No Talking in the Corridors of Science
Although linguistic capacity is deeply embedded in the human genome, communication can be astonishingly brittle when it depends only on words and sentences and the conscious intention to convey thought. We can say what we mean with words, but colleagues cannot know whether we mean what we say without access to our face and voice, and the output of these "nonverbal" systems is irreducible to alphabetic letters.
At one time these behaviors were the name of the game. The social anthropologist Bronislaw Malinowski observed that in early 20th-century New Guinea, speech was used "not in order to express any thought [but] to establish bonds of personal union between people brought together by the mere need of companionship." Malinowski suggested that only members of "civilized" communities used speech to express thoughts. In actuality, we moderns speak to accomplish both purposes, but when speakers give more emphasis to message content than to listener reaction, communication tends to break down.
If misunderstandings develop among highly competitive and independent-minded investigators, it is inevitable that there will be tensions, perhaps even overt hostility. In a British study of office e-mail users, 51 percent of the respondents reported receiving personally abusive "flame mail." Thirty-one percent had responded to these flaming messages with one of their own. Nearly an equal percentage had been forced by electronic abuse to quit responding with a colleague or experienced a desire to do so. Eighteen percent of the respondents said that the relationship had irretrievably broken down after a flaming e-mail message.
Excessive reliance on e-mail can also have unpleasant intrapersonal effects. Robert Kraut and his colleagues at Carnegie Mellon University monitored Internet use in an experimental sample of Pittsburgh-area residents while periodically evaluating certain psychological variables. They found that heavy users were more depressed and lonely, by their own report, than those who used the Internet only occasionally. Moreover, the heavy users' old social networks appeared to shrink over the course of the two-year study. Kraut and his colleagues speculated that the psychological changes occurred because the new Internet relationships—which were generally weak since they involved people who could not be asked for favors—replaced stronger relationships that had existed previously.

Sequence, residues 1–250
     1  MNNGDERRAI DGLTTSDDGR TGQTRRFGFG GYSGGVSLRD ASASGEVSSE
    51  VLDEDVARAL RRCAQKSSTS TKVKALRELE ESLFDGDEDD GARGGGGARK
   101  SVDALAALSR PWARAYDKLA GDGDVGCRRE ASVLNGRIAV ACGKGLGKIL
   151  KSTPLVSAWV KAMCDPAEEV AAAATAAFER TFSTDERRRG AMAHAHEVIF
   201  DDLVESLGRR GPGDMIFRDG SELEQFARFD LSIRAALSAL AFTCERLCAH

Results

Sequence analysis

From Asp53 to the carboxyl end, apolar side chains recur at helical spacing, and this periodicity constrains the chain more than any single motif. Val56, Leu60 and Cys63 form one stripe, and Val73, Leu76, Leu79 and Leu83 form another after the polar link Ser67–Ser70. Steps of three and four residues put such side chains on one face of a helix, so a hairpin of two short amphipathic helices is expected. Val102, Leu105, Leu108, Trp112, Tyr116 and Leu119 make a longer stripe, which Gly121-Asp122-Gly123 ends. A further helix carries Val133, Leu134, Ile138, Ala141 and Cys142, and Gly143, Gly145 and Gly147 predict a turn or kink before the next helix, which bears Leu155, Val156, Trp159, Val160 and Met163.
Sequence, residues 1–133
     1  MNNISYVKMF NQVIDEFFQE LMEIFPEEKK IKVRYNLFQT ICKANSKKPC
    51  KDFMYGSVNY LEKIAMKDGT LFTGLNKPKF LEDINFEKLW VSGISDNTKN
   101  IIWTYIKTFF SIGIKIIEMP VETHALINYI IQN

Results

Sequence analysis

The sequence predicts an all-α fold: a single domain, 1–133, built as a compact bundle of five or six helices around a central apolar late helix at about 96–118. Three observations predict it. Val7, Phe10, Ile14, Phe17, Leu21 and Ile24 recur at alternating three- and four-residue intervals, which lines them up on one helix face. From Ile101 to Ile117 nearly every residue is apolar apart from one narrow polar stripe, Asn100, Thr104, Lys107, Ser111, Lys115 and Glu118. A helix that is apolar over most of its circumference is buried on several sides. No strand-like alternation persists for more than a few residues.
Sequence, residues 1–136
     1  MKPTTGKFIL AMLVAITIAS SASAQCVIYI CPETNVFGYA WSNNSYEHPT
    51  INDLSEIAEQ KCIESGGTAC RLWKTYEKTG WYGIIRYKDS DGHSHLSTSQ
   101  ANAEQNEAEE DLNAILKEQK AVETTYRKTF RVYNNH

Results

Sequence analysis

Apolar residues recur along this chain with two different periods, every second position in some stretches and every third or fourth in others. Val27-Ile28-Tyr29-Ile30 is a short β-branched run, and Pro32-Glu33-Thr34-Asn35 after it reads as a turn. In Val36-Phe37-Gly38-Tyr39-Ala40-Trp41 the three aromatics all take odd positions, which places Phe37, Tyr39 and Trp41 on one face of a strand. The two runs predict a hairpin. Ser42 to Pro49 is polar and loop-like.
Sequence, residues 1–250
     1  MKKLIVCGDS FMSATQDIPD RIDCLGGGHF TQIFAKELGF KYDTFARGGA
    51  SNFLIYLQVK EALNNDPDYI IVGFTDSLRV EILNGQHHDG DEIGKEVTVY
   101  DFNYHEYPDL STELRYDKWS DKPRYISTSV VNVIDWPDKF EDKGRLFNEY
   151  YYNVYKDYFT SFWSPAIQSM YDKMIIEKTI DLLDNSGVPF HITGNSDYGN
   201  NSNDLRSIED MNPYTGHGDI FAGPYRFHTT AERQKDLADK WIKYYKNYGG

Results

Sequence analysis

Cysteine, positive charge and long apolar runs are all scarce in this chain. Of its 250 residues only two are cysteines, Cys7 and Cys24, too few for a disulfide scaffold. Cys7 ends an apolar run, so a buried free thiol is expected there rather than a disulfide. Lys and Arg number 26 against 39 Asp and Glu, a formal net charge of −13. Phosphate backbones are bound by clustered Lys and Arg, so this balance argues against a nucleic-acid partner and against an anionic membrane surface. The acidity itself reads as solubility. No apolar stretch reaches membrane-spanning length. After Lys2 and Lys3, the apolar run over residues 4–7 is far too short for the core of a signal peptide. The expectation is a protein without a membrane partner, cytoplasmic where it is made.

The electronic systems now in general use leave behind a nearly indelible trace, a trace that can be picked up and redirected, intercepted, even altered and claimed as one's own. When information lingers, it is vulnerable to interception. This prospect is disquieting; the possibility of "leaks" concerned Watson and Crick nearly a half-century ago just as it concerns scientists who are working today. But even if encryption systems become widely available in the future, I have a hunch that many scientists will not loft their most private thoughts into cyberspace unless there is a lead-pipe certainty that they will land on the intended recipient and no one else.